Inside the Second Avenue Subway construction
In the earlier part of the twentieth century as Manhattan surged into the sky, planners dug deep as they envisioned the core of future mass transit to be an underground subway system with new routes at almost every North- South avenue in Manhattan. Among these plans lay an ambitious project; a massive train line under Second Avenue consisting of six tracks that branched into Queens, Brooklyn and the Bronx. So why did this famed project never materialize?
To find out the answer and get to know more about this project, Untapped Cities visited the Second Avenue Subway Community Information Center (SAS CIC) located between 85th and 86th street on Second Avenue.
A detailed sectional model of the proposed 86th Street station greeted a group of some 30 enthusiastic urban-eers gathered at this informal meet-up organized by Urban Omnibus, an online publication that is dedicated to defining and enriching the culture of citymaking. At the event, Laura MacNeil, Director of SAS CIC and Michael Porto, Manager of MTA’s Good Neighbor Initiative introduced the Information Center and its interactive exhibit while summarizing its importance to the community and the large scale project in general.
Image courtesy of the MTA
From left to right: Michael Porto ( Manager of MTA’s Good Neighbor Initiative) Laura MacNeil (Director of SAS CIC) Cassim Shepard (Editor, Urban Omnibus) and Jonathan Tarleton (Digital Editorial Assistant, Urban Omnibus)
Since New York City has not witnessed such a complex project in recent decades, the upheaval and commotion caused by heavy machinery and blasting the bedrock, sparked concerns and at times anger from local residents. In hopes to connect with the community in a more transparent manner, MTA set up this innovative Information Center in July to answer questions and satisfy the curiosity of New Yorkers.
The CIC also plans to have temporary exhibits over the next few years. The first one, currently on display, transports visitors back to the nineteenth century detailing out the historic background of this Second Avenue Subway project through a graphic timeline and pictures marking important events.
Across this exhibit, iPad controlled TV screens transports visitors into the future with immersive animations and renderings presenting MTA’s vision for the project, while updated construction pictures and videos offer glimpses of its current status. Going a step further, the president of MTA capital construction, Dr. Michael Horodniceanu also leads tours into the caverns for local residents once every month, to demonstrate the complexity of the project.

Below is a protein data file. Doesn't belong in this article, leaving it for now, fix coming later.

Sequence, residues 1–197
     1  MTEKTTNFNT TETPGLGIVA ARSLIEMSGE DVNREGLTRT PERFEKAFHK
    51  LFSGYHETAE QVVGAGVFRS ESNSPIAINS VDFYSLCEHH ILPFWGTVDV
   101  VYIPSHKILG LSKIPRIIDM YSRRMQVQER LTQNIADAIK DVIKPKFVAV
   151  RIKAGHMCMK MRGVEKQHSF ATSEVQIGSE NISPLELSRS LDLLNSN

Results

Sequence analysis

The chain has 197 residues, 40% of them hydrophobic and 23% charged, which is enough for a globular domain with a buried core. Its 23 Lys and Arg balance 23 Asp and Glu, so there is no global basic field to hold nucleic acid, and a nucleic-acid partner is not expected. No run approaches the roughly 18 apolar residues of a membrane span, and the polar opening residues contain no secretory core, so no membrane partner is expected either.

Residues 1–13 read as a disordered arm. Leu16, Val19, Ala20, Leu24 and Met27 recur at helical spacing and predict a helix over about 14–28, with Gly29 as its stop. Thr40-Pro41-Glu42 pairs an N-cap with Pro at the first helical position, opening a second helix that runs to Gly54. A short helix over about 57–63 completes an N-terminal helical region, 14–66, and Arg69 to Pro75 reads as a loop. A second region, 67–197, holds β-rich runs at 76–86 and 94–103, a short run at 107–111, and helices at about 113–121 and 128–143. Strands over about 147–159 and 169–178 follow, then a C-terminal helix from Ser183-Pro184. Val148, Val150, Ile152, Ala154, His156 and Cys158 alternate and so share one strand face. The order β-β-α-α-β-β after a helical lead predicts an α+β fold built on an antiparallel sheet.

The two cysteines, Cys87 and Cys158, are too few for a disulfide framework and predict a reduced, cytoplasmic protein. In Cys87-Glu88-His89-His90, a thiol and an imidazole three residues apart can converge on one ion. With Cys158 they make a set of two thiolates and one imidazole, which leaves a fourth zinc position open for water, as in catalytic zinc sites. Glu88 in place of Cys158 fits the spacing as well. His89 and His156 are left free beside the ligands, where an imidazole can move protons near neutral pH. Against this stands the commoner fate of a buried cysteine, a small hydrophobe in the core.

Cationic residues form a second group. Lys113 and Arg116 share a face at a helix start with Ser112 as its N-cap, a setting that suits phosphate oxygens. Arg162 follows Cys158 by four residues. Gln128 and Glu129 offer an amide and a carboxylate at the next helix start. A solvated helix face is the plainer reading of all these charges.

Michael Porto also took us outside, explaining the physical ways in which the construction of the Second Avenue Subway has impacted vehicular and pedestrian flow along the avenue. Back in 1900, New York City carved through its bedrock by employing the “cut and cover” method. Today, a “mechanical earth-worm” (aka the tunnel boring machine) cuts through Manhattan’s ancient schist retaining the physical city above, punctuating it at intervals by the muck houses, which act as transfor points where the debris carved out from caverns below is loaded onto trucks. This debris is then distributed to various construction projects in the region.
While Upper East Siders living along Second Avenue have withstood the inverse effects of this project for nearly half a decade, the outcome will greatly transform the commute for the 1.3 million New Yorkers packed into the already packed 4/5/6 trains. With the CIC, New Yorkers can now also witness this historic project first hand.
It may appear that the dawn of a City’s development is its most exciting time but this ambitious project shows that New York City is still being reinvented as we continue to promote mass transit just as we did back in the nineteenth century.
See more behind the scenes photos from our trip inside the Second Avenue Subway construction here and here. Bhushan is an Architect and Urban Designer at Perkins Eastman. Get in touch with him @Bhushan_NYC
This article was written in part by Catherine Mondkar, she is a Conservation Corps Fellow with the NYC Department of Parks and Recreation.